Aquaporin-4 (AQP4) is the predominant water channel in the brain and it is mainly expressed by astrocytes and ependymal cells. AQP4 exists in different isoforms . The two most important and best studied AQP4 isoforms are M23 and the 22 amino acids longer isoform M1. Both isoforms exhibit different water transport capacities . The peculiarity of AQP4 is its morphological appearance. AQP4 is characterized by the freeze fracturing technique revealing orthogonal arrays of particles (OAP; for a recent review, see ). In astrocytes, they were first described in 1973 by Dermietzel . In vitro experiments showed that M1 transfected cells only form small or no OAPs in the cell membrane, whereas M23 transfected cells were capable to form huge lattices of OAPs. A cell which was transfected with both AQP4 isoforms showed typical OAPs which were sized as normal astrocytes in healthy brain or in vitro.
Previously, we showed that agrin was significantly involved in the formation of OAPs –. Agrin, which was discovered by McMahan , is a heparansulfate proteoglycan and a component of the extracellular matrix (ECM; ). This proteoglycan is known for its ability to cluster acetylcholine receptors at the neuromuscular endplate , . Barber and Lieth  described the importance of agrin in the central nervous system (CNS) for the integrity of the blood-brain barrier (BBB) showing that during chick and rat brain development agrin accumulated on brain micro vessels by the time the vasculature became impermeable.
Under physiological conditions, AQP4 containing OAPs are highly polarized on the perivascular and superficial membranes of astrocytic endfoot processes, whereas parenchymal membranes contain less OAPs . This points to the critical function of water transport across the BBB and brain-cerebrospinal fluid interfaces . Under pathological conditions, this polarization is lost. In glioblastoma, the topology of the cellular constituents has completely changed: the glioma cells do no more form typical endfeet, and the perivasculare space has tremendously increased. Perhaps as a reaction on this, AQP4 is upregulated  and redistributed over the whole tumor cell surface . This redistribution of AQP4 directly corresponds to loss of the water channel-related polarity leading to water movements not only between blood and glia but also between glia and brain parenchyma. Here, the water accumulates and decisively contributes to an increased edematous intracranial pressure with concomitant BBB breakdown. This is known not only in brain tumors, but also in encephalomyelitis, stroke, trauma, and other brain diseases , –. In order to investigate edema formation, commonly in vitro as well as in vivo models are used. Frequently, cell lines or primary cell cultures from glioblastoma are employed to measure the cell volume regulation , , ,  but many glioma cell lines do not even express the water channel proteins aquaporin 1, 4, and 5, which are typical for glioblastomas. Moreover, the majority of freshly isolated glioma cells do not express any of these water channels in vitro in primary cell cultures. However, in the glioma tissue - from which the cells were isolated – AQP 1, 4, and 5 were detected .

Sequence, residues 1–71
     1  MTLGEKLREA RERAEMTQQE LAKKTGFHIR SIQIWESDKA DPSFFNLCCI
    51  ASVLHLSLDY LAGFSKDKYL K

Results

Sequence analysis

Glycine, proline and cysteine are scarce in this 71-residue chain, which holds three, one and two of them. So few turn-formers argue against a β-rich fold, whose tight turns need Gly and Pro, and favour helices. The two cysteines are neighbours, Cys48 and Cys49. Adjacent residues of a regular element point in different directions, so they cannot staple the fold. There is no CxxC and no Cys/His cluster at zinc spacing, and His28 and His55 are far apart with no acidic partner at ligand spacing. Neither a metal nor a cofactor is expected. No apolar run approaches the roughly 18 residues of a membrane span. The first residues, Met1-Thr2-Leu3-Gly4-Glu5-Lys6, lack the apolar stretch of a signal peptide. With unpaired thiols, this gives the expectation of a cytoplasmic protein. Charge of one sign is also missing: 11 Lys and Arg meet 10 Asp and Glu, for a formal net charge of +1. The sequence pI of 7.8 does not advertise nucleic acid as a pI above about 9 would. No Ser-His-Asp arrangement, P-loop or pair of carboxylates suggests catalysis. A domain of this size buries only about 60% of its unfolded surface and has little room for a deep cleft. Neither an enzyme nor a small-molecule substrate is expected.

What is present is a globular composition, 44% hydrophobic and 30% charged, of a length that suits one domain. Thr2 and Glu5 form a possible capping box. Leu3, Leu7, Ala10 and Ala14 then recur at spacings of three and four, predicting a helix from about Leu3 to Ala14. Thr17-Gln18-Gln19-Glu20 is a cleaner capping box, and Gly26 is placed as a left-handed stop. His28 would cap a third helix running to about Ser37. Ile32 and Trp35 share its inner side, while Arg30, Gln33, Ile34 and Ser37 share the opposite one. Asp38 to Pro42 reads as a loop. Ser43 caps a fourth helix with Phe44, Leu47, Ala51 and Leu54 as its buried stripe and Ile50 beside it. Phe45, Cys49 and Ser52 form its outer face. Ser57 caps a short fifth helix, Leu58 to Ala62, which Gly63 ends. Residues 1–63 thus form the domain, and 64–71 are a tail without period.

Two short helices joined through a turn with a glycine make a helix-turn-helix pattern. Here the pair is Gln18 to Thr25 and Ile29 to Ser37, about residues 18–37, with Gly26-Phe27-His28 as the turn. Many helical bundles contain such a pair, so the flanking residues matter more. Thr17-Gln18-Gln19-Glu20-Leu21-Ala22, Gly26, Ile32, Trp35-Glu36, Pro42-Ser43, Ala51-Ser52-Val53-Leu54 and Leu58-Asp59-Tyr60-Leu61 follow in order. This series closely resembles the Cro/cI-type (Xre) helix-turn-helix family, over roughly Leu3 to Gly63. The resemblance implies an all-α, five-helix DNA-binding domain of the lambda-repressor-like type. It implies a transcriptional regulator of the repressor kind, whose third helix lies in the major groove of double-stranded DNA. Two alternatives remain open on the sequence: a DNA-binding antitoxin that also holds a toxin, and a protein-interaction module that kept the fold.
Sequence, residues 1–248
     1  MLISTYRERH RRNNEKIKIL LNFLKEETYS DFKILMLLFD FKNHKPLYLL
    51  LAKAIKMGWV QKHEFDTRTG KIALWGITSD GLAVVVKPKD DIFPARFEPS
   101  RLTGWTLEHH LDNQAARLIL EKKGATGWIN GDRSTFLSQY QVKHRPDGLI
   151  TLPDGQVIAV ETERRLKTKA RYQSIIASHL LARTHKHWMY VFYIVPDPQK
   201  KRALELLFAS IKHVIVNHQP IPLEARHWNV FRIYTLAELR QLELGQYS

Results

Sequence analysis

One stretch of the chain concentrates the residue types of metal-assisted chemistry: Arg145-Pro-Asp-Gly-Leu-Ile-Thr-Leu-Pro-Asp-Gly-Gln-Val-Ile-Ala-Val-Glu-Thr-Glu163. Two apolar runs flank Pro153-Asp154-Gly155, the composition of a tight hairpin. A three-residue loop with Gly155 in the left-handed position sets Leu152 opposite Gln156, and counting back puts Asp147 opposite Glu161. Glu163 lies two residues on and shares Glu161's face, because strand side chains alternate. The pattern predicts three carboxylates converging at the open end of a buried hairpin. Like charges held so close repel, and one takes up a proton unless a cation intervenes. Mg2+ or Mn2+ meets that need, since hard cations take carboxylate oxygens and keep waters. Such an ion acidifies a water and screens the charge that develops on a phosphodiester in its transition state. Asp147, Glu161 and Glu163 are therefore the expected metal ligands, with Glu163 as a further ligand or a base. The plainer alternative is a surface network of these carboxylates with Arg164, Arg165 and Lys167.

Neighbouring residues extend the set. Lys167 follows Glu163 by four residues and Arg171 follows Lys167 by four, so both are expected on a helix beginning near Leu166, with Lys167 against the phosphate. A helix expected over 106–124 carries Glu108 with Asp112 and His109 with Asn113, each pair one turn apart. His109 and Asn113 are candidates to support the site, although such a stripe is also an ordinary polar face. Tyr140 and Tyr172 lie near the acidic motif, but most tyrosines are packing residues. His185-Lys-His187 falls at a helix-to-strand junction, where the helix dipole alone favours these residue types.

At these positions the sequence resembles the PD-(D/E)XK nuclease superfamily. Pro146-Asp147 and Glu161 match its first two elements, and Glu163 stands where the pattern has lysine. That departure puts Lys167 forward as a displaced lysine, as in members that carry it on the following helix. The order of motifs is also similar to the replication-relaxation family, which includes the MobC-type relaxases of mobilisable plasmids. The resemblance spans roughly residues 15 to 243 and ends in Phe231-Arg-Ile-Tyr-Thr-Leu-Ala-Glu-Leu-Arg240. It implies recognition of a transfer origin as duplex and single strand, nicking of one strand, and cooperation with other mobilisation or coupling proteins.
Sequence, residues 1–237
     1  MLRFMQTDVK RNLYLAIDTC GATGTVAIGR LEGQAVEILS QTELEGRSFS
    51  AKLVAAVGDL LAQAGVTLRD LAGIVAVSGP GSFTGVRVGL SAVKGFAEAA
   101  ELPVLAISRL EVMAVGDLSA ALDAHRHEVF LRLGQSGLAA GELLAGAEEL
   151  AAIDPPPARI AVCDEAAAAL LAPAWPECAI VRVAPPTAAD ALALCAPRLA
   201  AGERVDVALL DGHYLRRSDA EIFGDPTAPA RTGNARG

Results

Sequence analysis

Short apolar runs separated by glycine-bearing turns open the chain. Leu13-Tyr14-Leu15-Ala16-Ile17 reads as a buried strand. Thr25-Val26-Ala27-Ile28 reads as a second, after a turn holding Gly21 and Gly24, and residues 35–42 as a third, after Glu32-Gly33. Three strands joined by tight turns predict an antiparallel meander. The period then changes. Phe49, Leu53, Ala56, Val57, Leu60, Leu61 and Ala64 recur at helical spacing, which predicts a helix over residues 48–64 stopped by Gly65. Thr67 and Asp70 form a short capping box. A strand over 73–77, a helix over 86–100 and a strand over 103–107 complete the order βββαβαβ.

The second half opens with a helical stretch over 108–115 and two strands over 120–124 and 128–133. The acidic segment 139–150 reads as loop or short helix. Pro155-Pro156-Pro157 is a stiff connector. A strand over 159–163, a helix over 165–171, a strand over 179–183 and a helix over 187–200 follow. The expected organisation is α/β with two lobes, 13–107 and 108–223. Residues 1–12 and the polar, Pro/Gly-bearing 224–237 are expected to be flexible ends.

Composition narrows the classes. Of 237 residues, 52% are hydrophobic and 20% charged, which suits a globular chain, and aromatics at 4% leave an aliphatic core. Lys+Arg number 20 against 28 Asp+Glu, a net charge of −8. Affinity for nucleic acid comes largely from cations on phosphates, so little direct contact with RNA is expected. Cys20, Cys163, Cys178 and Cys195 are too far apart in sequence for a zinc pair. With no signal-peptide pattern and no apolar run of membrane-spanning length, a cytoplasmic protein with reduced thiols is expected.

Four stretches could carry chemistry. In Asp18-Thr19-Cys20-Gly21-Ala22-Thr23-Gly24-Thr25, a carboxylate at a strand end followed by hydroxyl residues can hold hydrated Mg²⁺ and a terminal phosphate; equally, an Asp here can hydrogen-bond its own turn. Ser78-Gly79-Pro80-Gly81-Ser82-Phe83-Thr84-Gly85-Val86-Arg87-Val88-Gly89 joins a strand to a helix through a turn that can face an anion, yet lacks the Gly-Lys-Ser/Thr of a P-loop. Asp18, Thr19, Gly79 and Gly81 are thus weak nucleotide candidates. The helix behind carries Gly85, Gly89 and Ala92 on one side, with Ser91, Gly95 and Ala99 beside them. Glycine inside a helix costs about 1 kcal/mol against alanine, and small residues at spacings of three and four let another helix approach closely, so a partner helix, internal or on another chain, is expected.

From previous studies it is known that the ECM has a large influence on the constitution and distribution of the water channel protein AQP4 –. In an orthotopic xenograft model for example tumor cells have been shown to change both basal lamina components and distribution and expression of AQP4 .
The aim of the present study was to find out whether glioma cell lines which contain no AQP4 are capable of expressing this water channel after implantation into brain or flank. This would give a hint to the significant effect of the brain microenvironment on the expression and distribution of AQP4.
Immunohisto- and immunocytochemical staining of AQP4 was performed on human and rat tissue as well as on cell cultures. In rat control brain, astrocytic endfeet were stained against AQP4 (red), and the vascular endothelial cell TJs against ZO-1 (green, fig. 1 A). The parenchymal tissue was weakly stained against AQP4. In contrast, the extracranial C6 tumor as well as the C6 flank tumor did not stain for AQP4 (fig. 1 B and C). Implanted C6 and RG-2 cells into the brain were forming intracerebral tumors (fig. 1D, E, respectively) and were able to express AQP4, but in contrast to normal brain the AQP4 fluorescence was redistributed and not restricted to blood vessel-associated endfeet. C6- and RG-2 cells, if cultured in vitro were immuno-negative for AQP4 (fig. 1 F).